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Bob Mason
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Economic Calendar:

Monday, 6th April

German Factory Orders (MoM) (Feb)

Tuesday, 7th April

German Industrial Production (MoM) (Feb)

Thursday, 9th April

German Trade Balance (Feb)


The Majors

It was a bearish end to the week for the European majors on Friday, with the CAC40 sliding by 1.57% to lead the way down. The DAX30 and EuroStoxx600 saw modest losses of 0.47% and 0.97% respectively.

Economic data on Friday weighed heavily on the majors as the spread of the coronavirus continued across the world.

In spite of a continued lockdown in Italy and widening containment measures across the EU, the numbers continue to rise at a marked rate.

March service sector PMI figures reflected the impact and, with the lockdown now likely through April, there’s no early 2nd quarter rebound.

For Italy, the private sector numbers were particularly alarming. The world’s 8th largest economy is unlikely to recover from this any time soon.

Looking at the surge in the number of cases in Spain, we could see the world’s 13th largest economy similar to the same fate.

The Stats

It was a busy day on the Eurozone economic calendar on Friday. Italy and  Spain’s Services and Composite PMI numbers for March were in focus. Finalized PMIs for France, Germany and the Eurozone also drew attention.

Italy’s Services PMI slumped from 52.1 to 17.0 in March, with the Composite PMI tumbling from 50.7 to 20.2. This was the largest contraction in Italy’s private sector since records began back in 1998. New business also fell at the fastest pace on record, with the pace of job shedding the most marked since 2009.

Spain’s Services PMI tumbled from 52.1 to 23.0 in March, with the Composite PMI sliding from 51.8 to 26.7. A record slide in service sector activity weighed most heavily, with manufacturing sector activity contracting at the most marked pace since 2012. Not only did the private sector end a run of 6-and-a-half years of growth but also saw its largest fall in activity on record.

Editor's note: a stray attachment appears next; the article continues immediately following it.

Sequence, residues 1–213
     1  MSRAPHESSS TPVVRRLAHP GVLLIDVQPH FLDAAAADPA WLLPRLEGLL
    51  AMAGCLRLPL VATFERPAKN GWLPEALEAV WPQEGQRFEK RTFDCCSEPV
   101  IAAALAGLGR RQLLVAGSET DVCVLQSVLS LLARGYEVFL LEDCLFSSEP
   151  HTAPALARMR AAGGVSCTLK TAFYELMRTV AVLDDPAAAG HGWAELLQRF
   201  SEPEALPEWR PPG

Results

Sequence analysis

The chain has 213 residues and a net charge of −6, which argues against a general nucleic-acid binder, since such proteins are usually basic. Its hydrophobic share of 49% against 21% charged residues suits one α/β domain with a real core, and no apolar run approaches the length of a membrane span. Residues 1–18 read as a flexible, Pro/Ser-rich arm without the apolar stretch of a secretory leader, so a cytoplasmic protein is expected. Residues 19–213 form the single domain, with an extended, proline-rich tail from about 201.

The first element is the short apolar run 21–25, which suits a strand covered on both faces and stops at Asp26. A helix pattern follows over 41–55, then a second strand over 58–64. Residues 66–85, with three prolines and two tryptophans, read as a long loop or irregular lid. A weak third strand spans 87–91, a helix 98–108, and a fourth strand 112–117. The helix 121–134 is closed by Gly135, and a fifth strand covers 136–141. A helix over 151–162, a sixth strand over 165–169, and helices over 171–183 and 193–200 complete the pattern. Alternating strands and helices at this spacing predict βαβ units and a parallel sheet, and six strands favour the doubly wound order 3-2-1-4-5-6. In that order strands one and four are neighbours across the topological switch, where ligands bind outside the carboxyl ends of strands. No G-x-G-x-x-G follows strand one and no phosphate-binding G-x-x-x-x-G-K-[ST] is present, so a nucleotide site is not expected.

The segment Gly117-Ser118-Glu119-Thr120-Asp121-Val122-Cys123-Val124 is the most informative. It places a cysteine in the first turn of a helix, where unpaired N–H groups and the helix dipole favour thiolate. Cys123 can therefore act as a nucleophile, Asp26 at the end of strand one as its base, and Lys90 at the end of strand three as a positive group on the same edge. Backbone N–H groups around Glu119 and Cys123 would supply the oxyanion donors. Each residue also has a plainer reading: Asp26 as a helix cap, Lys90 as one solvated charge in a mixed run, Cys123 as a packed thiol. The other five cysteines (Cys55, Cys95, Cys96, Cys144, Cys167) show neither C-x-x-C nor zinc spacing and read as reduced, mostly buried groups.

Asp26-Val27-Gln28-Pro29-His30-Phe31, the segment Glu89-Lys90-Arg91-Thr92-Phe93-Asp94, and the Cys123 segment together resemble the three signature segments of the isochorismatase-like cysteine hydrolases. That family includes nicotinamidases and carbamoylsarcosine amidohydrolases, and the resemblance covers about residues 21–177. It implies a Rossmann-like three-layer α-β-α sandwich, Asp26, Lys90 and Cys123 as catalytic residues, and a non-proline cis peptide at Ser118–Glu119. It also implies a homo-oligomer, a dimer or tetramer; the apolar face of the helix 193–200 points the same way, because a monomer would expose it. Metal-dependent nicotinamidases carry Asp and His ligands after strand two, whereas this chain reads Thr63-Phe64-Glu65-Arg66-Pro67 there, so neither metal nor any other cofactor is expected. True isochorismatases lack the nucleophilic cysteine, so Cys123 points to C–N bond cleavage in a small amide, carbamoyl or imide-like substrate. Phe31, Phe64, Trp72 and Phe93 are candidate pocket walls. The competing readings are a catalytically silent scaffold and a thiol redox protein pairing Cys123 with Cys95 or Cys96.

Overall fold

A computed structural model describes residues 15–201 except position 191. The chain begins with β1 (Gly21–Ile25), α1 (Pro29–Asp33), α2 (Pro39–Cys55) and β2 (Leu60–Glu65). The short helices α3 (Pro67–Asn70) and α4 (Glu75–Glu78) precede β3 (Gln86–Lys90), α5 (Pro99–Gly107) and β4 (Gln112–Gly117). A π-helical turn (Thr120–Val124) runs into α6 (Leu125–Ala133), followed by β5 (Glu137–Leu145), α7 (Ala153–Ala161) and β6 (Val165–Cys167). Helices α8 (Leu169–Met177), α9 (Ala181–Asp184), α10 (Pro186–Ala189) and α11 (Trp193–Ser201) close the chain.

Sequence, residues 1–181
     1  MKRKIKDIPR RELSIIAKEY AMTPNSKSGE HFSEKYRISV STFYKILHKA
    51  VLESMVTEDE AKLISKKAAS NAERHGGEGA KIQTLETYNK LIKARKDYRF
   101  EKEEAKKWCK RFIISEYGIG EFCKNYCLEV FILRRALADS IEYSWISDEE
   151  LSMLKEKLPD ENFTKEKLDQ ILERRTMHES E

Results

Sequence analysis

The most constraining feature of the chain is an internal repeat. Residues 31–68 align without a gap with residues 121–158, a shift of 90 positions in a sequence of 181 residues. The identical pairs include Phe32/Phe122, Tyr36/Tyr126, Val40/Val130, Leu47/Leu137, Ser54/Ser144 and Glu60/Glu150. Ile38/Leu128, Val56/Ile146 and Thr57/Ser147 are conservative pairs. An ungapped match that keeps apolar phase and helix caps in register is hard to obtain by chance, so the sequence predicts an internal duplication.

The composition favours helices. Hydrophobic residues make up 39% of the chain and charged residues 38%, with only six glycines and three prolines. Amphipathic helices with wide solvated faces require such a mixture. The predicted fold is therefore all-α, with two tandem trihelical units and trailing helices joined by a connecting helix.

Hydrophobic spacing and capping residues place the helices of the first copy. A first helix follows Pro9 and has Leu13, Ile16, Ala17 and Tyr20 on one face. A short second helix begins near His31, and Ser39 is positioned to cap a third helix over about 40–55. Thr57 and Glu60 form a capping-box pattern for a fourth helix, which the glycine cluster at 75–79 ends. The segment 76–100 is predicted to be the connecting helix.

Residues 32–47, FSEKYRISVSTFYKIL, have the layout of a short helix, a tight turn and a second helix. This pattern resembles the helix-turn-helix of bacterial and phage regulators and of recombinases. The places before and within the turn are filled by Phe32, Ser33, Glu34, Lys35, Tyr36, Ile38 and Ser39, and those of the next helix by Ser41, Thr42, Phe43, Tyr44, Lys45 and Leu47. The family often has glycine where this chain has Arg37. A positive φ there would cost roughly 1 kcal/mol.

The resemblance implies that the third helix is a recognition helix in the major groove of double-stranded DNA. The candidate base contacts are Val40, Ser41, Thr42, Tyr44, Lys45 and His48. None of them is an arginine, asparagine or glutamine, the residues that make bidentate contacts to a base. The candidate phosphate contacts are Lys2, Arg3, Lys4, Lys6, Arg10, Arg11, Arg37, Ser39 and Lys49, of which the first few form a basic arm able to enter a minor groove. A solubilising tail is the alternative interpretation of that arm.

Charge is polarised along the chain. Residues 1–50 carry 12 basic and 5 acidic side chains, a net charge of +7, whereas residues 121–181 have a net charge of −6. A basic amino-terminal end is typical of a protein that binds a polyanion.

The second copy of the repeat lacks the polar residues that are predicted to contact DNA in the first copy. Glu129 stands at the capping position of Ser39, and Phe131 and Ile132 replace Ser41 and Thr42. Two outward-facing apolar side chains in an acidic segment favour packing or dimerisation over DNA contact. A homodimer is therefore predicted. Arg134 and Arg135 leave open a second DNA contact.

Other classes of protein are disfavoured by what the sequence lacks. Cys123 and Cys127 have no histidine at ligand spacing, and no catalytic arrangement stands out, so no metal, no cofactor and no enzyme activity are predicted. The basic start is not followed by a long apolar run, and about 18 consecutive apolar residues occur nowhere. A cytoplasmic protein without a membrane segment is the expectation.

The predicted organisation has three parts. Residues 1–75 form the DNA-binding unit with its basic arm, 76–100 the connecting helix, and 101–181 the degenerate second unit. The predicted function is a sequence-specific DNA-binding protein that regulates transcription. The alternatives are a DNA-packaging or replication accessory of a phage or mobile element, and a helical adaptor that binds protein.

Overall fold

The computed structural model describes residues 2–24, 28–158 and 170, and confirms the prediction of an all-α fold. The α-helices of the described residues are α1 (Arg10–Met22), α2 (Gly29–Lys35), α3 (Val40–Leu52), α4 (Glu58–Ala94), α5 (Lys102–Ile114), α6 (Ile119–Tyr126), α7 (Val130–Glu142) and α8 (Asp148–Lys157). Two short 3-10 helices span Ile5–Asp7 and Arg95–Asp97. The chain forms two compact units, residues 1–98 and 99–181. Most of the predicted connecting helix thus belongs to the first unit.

For France and Germany, both saw downward revisions from prelim to leave Service PMIs of 27.4 and 31.7 respectively.

The Eurozone’s Services PMI came in at 26.4, revised down from a prelim 35.7, with the composite revised down from 37.1 to 29.7. In February, the Services and Composite PMIs had stood at 52.6 and 51.6 respectively.

According to the Eurozone Composite PMI Survey,

  • The Composite Output Index recorded its largest monthly decline on record.
  • While the Manufacturing sector saw production slide at the fastest pace since 2009, the service sector activity fell at the fastest pace on record.
  • At the composite level, Germany, France, Spain, and Italy all recorded survey lows.
  • Ireland sat at the top of the table with a 131-month low 37.3.

February retail sales figures for the Eurozone had a muted impact, however, with March and April likely to deliver particularly grim numbers.

From the U.S

While ISM Non-Manufacturing PMI numbers were better than expected, a marked fall in nonfarm payrolls added further pressure.